Hal Macomber points out a rant from Tom Peters, in which Tom tries to claim that kaizen is “dangerous”. His reasoning is that continuous gradual improvement can get in the way of spotting the “next big thing”, and that gradual change isn’t enough in the modern world of short development cycles and rapid obsolescence.
I think Tom has confounded two different business cycles in his quest for a soundbite. As Hal notes, Toyota were able to introduce the new Matrix in one year from concept to customer – precisely because of their continued pursuit of perfection! Without a mature kaizen process Toyota could not have honed their product development process to the point that they could undercut the other manufacturers’ cycle times by upto two years. By even conceiving of the Matrix, Toyota showed that they can innovate; but by getting it into the marketplace in a year, they showed that they have a world-class development process. These are two different things, and it was kaizen that made the second one a reality. Without years of kaizen, the Matrix innovation would have been devalued by a long time-to-market delay.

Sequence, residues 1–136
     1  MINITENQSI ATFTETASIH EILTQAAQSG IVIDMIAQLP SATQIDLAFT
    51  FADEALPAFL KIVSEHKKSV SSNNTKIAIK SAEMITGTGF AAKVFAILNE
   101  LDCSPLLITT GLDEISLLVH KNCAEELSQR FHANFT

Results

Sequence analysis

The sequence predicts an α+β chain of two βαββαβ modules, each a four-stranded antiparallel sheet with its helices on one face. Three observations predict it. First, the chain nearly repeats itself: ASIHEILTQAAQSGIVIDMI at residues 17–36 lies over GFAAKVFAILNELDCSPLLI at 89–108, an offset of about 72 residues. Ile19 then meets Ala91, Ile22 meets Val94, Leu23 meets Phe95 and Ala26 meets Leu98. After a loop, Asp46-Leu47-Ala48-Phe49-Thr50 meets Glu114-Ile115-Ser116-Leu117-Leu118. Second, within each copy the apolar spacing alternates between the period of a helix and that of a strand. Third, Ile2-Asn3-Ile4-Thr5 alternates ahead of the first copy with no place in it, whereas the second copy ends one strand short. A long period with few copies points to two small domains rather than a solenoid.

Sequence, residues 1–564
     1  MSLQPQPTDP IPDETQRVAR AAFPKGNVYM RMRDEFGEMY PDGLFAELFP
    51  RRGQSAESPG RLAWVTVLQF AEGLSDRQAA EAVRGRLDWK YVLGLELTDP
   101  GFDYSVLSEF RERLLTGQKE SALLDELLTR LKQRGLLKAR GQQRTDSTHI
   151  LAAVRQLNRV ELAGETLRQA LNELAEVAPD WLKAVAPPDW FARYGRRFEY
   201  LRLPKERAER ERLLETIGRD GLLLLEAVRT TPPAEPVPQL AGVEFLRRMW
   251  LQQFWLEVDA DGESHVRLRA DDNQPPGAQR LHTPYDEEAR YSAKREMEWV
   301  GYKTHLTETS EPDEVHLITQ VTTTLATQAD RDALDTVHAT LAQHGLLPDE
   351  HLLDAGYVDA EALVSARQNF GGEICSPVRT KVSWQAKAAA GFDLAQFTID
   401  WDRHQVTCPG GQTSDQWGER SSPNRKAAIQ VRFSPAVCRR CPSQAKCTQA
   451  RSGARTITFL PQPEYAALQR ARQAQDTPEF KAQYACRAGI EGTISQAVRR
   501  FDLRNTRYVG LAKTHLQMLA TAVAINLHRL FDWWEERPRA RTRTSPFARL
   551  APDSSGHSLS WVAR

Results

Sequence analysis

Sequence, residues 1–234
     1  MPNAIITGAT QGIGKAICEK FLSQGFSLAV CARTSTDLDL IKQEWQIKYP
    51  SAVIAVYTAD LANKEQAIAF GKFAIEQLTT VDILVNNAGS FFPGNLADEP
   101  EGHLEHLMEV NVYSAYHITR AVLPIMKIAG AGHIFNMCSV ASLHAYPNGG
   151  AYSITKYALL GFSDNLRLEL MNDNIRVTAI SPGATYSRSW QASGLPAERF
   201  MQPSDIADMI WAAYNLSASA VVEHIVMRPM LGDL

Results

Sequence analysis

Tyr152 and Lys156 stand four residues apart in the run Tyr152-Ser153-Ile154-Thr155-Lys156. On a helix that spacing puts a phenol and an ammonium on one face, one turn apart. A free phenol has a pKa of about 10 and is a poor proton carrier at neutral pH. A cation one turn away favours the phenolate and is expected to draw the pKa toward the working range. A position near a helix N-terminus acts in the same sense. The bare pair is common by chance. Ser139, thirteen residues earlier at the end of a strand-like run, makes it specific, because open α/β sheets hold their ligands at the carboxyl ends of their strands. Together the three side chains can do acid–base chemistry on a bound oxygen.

In my opinion, kaizen frees the hands of the innovator. And to think that sloppy processes can support rapid innovation is dangerous advice, Tom.
Hear Mark Perry read out sections of this post by listening to the first couple of minutes of podcast #60 of his “PMO Podcasts for Executives and Managers”. Thanks for the mention Mark!